Craig Bowen, the San Ramon Valley fire chief who retired in 2008, collects an annual pension of $310,000 a year, in part due to egregious pension spiking that persists in Contra Costa County.
His predecessor, Richard Probert, who retired in 2002, receives $273,000 a year. Deputy Chief Christopher Suter and Assistant Chief Michael Sylvia, both 2008 retirees, annually collect $285,000 and $268,000, respectively.
The San Ramon Valley Fire Protection District pension excesses were exposed in this column in 2009. Since then, a newly elected board majority has called for reform. So one would think they would welcome legislation Gov. Jerry Brown signed last year to curb such abuses.
Instead, on May 16, the fire district filed legal papers supporting labor unions challenging the new law. Specifically, the district backed a union motion to block the state attorney general from defending the anti-spiking rules. That would have left no one in court to speak for the law because no local agency has stepped forward.
After I questioned fire district Director Jay Kerr and board President Matt Stamey on Thursday, the district abruptly withdrew its support of the union motion. Kerr and Stamey told me that they support the new law and didn't understand the effect of the court filing.
Once they explained the advice they received from their attorney, William Ross, it was obvious why they were confused. Ross says the local retirement association administering the pension, not the state, should defend the law.
He ignores that the association had refused to take sides, that the judge had asked the state to step in and that the attorney general's office has a responsibility to defend state laws. State involvement is also appropriate because the Contra Costa case could soon be combined with similar legal challenges in Alameda, Marin and Merced counties.
Nowhere is the need for the new law more apparent than San Ramon Valley. The fire district provides its workers pensions administered by the Contra Costa County Employees' Retirement Association, one of 20 county-level systems in the state affected by the law.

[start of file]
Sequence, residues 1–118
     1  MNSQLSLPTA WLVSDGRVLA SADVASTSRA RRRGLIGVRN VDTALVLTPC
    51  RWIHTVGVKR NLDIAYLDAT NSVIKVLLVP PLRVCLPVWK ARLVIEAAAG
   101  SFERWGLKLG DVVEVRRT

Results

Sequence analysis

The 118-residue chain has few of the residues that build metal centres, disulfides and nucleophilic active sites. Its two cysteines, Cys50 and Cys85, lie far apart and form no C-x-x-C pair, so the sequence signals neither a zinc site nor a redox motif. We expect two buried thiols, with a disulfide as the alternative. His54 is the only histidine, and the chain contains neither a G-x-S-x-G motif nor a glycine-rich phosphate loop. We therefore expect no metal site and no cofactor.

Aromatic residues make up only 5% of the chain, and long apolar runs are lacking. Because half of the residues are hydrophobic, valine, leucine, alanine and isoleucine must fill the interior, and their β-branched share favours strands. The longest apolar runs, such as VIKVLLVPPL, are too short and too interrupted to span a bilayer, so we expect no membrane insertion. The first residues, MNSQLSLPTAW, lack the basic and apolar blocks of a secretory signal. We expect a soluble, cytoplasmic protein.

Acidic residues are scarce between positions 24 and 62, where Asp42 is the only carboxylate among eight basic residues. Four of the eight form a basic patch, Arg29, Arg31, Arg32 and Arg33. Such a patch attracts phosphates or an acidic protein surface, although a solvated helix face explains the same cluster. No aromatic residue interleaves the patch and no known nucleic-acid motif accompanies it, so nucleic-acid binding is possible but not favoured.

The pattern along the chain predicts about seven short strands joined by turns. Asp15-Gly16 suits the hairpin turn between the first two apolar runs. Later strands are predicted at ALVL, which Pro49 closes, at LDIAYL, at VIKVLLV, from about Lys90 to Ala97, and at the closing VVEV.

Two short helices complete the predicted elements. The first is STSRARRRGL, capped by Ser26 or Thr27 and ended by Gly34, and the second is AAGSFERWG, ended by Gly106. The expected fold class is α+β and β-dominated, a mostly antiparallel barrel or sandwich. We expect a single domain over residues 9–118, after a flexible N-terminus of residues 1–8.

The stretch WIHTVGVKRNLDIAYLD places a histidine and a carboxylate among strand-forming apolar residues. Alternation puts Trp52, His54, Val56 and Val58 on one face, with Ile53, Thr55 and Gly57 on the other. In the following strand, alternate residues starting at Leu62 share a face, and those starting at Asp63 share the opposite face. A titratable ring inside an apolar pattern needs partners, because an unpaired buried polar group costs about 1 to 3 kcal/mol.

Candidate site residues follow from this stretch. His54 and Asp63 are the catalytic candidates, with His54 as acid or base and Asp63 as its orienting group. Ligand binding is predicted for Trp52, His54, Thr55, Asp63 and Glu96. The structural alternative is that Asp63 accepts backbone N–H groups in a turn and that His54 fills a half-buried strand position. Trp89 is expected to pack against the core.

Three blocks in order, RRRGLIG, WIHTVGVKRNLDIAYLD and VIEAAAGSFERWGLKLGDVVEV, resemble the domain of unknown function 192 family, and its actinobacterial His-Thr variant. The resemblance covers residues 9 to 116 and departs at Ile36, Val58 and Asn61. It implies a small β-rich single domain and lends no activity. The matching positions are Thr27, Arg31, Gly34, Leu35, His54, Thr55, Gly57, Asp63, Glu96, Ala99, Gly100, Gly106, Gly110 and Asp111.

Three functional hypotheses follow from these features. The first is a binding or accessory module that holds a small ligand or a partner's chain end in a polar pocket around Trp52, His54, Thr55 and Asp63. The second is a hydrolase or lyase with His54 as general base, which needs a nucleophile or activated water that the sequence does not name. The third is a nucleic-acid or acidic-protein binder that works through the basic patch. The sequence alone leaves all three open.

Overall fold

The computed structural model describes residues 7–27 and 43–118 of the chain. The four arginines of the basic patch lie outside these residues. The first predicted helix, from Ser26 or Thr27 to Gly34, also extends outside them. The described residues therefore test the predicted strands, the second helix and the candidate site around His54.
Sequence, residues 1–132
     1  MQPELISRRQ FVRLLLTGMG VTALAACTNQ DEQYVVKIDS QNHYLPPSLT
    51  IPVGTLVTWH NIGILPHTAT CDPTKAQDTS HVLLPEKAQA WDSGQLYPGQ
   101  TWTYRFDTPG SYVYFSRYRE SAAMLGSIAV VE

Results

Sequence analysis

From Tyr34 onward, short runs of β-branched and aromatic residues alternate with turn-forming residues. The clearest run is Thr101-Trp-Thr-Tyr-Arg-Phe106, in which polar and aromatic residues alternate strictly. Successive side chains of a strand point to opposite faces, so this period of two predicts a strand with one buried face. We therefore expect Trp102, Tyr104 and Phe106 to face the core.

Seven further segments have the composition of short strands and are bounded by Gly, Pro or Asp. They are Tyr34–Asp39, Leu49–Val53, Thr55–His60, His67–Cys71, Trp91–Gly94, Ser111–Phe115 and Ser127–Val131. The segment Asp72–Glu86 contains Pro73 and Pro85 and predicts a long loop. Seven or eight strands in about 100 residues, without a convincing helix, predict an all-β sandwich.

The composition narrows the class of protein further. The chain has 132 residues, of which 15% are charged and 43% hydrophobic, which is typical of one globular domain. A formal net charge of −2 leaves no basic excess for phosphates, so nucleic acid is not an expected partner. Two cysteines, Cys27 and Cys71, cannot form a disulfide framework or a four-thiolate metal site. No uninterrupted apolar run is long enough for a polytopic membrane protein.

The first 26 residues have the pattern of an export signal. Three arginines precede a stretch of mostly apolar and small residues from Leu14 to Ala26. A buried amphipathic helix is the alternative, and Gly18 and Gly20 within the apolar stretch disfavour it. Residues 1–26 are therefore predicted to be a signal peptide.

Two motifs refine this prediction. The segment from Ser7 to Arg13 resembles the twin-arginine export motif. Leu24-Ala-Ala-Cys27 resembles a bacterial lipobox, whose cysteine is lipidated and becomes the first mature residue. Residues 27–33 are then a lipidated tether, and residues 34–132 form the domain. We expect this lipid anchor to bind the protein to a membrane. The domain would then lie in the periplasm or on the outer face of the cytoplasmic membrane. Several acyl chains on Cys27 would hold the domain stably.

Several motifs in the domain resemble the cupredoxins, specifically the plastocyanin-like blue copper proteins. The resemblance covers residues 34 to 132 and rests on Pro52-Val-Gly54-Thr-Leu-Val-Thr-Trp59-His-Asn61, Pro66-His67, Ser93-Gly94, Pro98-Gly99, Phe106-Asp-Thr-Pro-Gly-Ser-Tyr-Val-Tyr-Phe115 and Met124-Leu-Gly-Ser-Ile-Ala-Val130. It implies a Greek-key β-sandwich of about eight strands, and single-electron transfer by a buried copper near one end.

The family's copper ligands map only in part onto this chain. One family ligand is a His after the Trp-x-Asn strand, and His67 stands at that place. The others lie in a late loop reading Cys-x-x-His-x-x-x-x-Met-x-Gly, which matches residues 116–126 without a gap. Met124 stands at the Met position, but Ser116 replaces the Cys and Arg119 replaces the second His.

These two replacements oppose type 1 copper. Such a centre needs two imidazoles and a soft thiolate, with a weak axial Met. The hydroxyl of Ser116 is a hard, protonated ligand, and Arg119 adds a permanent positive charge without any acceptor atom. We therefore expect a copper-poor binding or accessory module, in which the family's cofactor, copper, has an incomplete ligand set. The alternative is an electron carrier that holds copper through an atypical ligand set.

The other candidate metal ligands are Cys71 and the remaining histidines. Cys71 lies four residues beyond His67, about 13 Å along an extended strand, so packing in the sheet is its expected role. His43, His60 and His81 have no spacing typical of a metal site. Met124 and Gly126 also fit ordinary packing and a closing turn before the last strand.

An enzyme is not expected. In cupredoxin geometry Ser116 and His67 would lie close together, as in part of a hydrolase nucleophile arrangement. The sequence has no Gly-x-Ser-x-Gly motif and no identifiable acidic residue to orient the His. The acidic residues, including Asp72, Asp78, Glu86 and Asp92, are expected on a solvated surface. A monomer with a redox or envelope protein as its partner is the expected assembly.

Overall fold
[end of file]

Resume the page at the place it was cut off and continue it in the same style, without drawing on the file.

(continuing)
The retirement association enforces rules for what types of income can be counted when calculating pensions. For example, Bowen was allowed to include base salary plus enhancements like management pay, stand-by pay, auto allowances and cash value of unused vacation and administrative leave. He boosted his years of service by adding unused sick leave time.
As a result, Bowen increased his pension 46 percent. Similarly, Probert boosted his pension 24 percent, Suter 49 percent and Sylvia 48 percent.
In 2009, a pension attorney hired by the fire district concluded that the retirement association was counting too much income in the calculations, violating state court rulings. The association's attorney later agreed.
But the association board refused to correct the rules for existing employees. Now, the new law requires it to do so. That's why unions are trying to block it.
The improper spiking adds an average 10 percent to pensions for firefighters hired before 2011 and helps drive up district contributions to the retirement association. That's the portion at stake in this case.
It's just part of the district's soaring annual pension contributions, which will soon be about as much as the cost of salaries. Until now, San Ramon Valley firefighters have not shared the burden. Under a new labor agreement, they will pick up about 4 percent of the cost July 1, increasing to about 12 percent by 2015.
If the district needs pension savings and directors support the new law, why did Ross, the district's attorney, side with the unions? It's not the first time Ross seemed to align with firefighters against his client's best interest. In 2009, he blessed the Rodeo-Hercules fire district board's suspension of one of its own elected members, an outspoken director in disfavor with firefighters.
The suspension clearly violated the director's First Amendment rights. He sued. The fire district filed a cross-complaint against Ross. In the end the district and Ross split the cost of a $29,861 settlement payment and the district was forced to apologize to the director.
This time, the financial stakes are much greater.
Daniel Borenstein is a staff columnist and editorial writer. Reach him at 925-943-8248 or email@example.com. On Twitter: @BorensteinDan.